Steven 50x50

Steven Renwick

06 Sep 2016

Credit Control Vocabulary explained

Not everyone is an accountancy guru who understands the terms that crop up in the accounting lexicon, so we thought we’d take time to provide an explanation of those most commonly used.

Credit Control vocabulary explained:

Accounts Receivable:
Payments outstanding for goods or services provided on trade credit (payment terms).

Average Debtor Days (ADD):
How many days on average your invoices are outstanding.

County Court Judgments (CCJ):
Formal court decision that a business owes a creditor money. CCJs are a drastic way of getting your money back, therefore, court action should only be taken as a last resort.

Credit Check:
A check of the creditworthiness of your existing or future clients to determine the likelihood of your clients fulfilling their financial obligations.

Credit Limit:
The maximum amount of credit that a financial institution or supplier will extend to a debtor for a particular line of credit.

Credit Rating:
An evaluation of the comparative creditworthiness of a debtor, especially a company.

Days Beyond Terms (DBT):
Indicator of how many days payments are outstanding beyond the agreed payment terms.

Invoice Factoring:
A financial transaction to accelerate the receipt of money against outstanding invoices. Businesses sell their accounts receivable to a third party at a discount. The third party then agrees the credit limits and collects the payments.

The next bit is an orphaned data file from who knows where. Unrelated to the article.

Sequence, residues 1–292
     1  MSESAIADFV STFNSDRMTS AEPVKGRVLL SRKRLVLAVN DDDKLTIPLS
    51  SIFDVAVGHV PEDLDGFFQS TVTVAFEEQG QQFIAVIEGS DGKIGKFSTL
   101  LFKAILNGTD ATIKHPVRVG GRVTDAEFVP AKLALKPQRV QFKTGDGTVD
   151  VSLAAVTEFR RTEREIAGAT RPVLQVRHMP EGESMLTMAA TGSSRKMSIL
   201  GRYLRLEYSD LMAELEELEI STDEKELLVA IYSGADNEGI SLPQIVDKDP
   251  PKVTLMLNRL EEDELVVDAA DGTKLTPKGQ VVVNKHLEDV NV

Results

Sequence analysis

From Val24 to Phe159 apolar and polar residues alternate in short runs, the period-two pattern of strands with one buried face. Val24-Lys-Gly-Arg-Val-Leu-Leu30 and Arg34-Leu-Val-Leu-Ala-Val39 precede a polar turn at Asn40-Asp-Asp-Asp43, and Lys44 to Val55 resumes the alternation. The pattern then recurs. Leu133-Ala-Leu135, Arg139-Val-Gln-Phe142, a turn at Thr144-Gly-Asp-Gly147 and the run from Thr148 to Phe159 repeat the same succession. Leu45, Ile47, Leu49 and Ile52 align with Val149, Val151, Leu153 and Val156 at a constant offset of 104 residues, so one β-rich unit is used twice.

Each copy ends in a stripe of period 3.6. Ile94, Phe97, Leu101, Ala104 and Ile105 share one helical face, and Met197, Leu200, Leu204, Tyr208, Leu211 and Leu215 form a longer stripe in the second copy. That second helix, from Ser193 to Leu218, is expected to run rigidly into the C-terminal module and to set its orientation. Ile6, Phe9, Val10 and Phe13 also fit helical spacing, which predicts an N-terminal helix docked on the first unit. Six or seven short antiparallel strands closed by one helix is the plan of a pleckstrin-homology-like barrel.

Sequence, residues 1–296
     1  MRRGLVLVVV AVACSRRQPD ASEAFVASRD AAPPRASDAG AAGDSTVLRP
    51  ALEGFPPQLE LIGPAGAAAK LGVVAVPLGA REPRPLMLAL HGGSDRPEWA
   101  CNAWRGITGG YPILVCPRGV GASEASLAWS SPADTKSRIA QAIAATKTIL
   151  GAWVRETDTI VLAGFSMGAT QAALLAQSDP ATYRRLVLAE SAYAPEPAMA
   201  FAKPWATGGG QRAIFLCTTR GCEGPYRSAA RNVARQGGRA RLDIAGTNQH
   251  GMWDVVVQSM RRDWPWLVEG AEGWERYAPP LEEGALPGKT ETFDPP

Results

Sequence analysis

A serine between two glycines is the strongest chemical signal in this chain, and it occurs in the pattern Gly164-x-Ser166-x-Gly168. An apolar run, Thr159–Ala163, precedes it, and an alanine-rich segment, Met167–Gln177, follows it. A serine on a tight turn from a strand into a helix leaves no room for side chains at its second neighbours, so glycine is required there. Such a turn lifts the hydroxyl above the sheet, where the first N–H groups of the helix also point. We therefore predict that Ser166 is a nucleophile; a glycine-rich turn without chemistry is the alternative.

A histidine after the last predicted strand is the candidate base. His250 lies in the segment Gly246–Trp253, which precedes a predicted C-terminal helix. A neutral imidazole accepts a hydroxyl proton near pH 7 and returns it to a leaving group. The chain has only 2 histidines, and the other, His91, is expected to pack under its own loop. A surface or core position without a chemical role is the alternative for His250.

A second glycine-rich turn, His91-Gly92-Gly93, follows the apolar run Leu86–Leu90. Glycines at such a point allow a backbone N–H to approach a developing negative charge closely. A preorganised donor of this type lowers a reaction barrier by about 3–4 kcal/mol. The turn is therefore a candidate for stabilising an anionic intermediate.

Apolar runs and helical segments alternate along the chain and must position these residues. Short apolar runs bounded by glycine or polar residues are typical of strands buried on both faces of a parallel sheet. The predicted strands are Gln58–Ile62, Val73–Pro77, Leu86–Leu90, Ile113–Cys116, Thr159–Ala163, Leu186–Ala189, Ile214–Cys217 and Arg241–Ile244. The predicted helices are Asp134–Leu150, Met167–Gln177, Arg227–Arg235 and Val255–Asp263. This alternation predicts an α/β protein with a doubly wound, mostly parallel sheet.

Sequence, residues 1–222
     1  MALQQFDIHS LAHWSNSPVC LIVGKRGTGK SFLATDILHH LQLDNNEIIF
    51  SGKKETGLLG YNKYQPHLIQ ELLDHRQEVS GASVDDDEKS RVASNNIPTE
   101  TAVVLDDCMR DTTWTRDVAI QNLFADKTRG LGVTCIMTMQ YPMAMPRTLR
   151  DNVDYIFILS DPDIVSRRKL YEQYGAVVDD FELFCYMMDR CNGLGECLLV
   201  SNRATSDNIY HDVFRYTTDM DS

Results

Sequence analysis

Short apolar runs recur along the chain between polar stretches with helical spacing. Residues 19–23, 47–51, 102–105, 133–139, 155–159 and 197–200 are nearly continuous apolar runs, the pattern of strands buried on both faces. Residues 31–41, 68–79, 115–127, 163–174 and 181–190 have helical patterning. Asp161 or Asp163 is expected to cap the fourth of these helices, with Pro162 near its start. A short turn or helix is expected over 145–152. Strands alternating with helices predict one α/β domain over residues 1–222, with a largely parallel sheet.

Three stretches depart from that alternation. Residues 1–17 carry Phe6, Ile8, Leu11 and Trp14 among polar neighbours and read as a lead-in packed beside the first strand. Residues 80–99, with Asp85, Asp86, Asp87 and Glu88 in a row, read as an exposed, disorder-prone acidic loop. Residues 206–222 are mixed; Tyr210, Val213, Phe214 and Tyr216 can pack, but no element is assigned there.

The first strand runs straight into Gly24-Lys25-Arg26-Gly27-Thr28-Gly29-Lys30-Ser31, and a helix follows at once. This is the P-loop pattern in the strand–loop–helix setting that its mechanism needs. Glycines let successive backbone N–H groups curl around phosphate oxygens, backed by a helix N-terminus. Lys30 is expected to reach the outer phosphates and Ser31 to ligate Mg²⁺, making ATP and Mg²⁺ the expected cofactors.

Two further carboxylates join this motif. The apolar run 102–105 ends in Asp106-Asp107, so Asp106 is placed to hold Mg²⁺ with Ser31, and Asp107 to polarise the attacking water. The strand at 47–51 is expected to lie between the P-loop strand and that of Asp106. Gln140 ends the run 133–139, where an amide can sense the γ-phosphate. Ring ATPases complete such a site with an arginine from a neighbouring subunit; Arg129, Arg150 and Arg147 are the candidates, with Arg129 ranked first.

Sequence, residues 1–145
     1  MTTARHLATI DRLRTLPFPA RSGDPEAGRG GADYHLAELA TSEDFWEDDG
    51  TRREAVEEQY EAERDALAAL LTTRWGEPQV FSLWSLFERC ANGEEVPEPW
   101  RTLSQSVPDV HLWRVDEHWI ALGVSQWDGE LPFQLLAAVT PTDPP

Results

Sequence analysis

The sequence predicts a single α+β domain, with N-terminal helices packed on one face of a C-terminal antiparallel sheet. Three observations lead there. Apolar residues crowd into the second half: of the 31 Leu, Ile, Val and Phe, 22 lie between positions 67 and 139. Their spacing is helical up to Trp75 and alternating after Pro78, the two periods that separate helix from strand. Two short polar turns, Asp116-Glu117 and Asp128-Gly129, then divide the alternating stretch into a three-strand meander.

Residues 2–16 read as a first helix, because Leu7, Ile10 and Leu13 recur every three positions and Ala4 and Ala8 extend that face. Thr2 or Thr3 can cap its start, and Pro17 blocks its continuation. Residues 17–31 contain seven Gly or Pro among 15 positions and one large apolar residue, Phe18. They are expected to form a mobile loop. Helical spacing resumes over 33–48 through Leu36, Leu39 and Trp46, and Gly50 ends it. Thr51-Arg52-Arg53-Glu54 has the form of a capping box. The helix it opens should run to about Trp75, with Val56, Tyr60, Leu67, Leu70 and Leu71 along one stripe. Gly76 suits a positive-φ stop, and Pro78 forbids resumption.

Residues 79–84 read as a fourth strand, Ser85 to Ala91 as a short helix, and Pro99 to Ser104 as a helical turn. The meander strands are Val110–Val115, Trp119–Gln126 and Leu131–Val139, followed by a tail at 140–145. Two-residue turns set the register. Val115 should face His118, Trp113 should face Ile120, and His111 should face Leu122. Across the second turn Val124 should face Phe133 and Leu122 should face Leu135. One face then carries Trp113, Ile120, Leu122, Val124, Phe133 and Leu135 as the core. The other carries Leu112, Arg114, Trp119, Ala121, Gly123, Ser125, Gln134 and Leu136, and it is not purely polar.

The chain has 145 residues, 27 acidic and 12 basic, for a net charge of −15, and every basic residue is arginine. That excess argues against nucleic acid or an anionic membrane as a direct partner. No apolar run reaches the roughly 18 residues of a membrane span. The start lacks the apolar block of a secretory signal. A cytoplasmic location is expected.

Working Capital (WC) Current Assets – Current Liabilities:
An indicator of your operational liquidity. In other words, it is the cash available for your daily operations. Working capital should always be positive as negative working capital highlights severe short-term liquidity problems. 


Credit Control 2.0: The Ultimate Guide to getting paid faster 
(including free templates, the ultimate credit control approach, and more)


  • Satago have a different approach to invoice finance – funding invoices from when they are raised, up until when they are due (and sometimes for even longer, up until 60 days overdue). This ensures as much value of an invoice as possible stays in the pockets of SMEs, making their cash-flow more reliable, reducing the need for reliance on funding and keeping costs to a minimum.
  • In real terms, Satago will advance up to 85% of the invoice value – for a single invoice or several - immediately transferring the amount to your bank account. The fee is usually 2-4% of the invoice value financed per 30 days. The fee is dependent on a number of factors such as your credit risk and that of your customer when we buy the invoice.
  • The Satago all-in-one cash flow solution is an add-on to your existing accountancy software, and means you can be equipped with effective finance solutions to cover the funding gap – PLUS a proficient credit control strategy including a cutting-edge debtor tracking system and integrated credit risk data, to help avoid the issue of late payments overall, cutting down the time chasing payments